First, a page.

VA officials recognize that while the medical needs of older veterans will increase in the coming years, much of the system’s health care is delivered in the wrong places. Veterans are leaving New England, for example, where its population is expected to drop 18% over the next decade. At the same time, their presence in the South West is expected to increase by 25%, without enough facilities to process them.

Part of the drive to realign how and where the government-run system cares for veterans is ideological. The agency has already redirected billions of dollars from veterans’ hospitals to private health care providers in a controversial transformation that has accelerated under the Trump administration; about a third of veterans enrolled in the system are now seen by private doctors. The proposals released today are seen as likely to stoke tensions between advocates for more private care and wary unions who fear that care at some closing facilities will instead be provided by non-VA doctors, the government paying the bills – at a cost to federal jobs.

McDonough, presenting his plan late last week at a Rand Corp. veterans policy center, said the changes would meet the “needs of 21st century veterans, not the needs of a veterans’ system.” health built 80 years ago”. He called the proposals “investment in VA, not retirement” and said 150,000 more veterans would have tighter access to primary care and 370,000 more to specialty care than they currently have.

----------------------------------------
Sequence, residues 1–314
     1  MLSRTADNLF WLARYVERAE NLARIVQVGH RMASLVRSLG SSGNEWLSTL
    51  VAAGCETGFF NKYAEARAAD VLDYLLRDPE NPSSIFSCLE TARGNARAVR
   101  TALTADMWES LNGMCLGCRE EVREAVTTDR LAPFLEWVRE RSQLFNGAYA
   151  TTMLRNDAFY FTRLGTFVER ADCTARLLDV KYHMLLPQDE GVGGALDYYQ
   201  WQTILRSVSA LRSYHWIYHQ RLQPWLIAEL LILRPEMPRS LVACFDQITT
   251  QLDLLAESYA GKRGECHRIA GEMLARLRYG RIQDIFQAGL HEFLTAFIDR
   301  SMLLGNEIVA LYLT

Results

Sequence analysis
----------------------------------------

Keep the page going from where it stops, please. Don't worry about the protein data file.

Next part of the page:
“Across the board, we’re embracing the idea that health care has evolved,” McDonough said, “and VA needs to lead the evolution.” He promised that his management team is “actively working” to retain healthcare jobs and predicted that “we are looking at more jobs over time, not fewer”.

Opposition to the plan has already come from lawmakers in both parties, many of whom voted for a 2018 law, known as the Mission Act, which included the review as part of a broad expansion of alumni access. combatants to private doctors. The law passed Congress with wide margins in both parties, but that didn’t stop lawmakers whose districts could lose their service from preparing for a long battle.

“These are sacred cows,” said Louis Celli, a former executive director of the American Legion who now co-hosts a podcast focused on veterans’ issues with former VA Secretary David Shulkin. “Every lawmaker is proud to have a big, shiny veterans hospital in their district.”

The American Federation of Government Employees, which represents 280,000 healthcare workers from doctors to physical therapists, decried what it said would be a dangerous shift towards more private care.

“Closing VA facilities will force veterans to rely on uncoordinated, private, for-profit care, where they will suffer long wait times and be deprived of the unique expertise and integrated services that only the VA provides,” said union national president Everett Kelley. , said in a statement.

Some veterans groups said they were keeping an open mind about the proposed changes

“A lot of people see this as a way to reduce VA,” said Patrick Murray, legislative director of Veterans of Foreign Wars. “We knew there would be closures, but we also think it will be a net gain.”

Earlier this month, the White House released a list of nominees for the commission to review the proposal. The nine-member panel, known as the Assets and Infrastructure Review Board, once confirmed by the Senate, will have one year to review the plan, hold nationwide hearings in affected communities and send its proposals to the White House. Biden can sign them and send them to Congress, or reject them. Congress must accept all or none of the changes. Lawmakers should vote to reject proposals to stop them; no action means they would come into effect.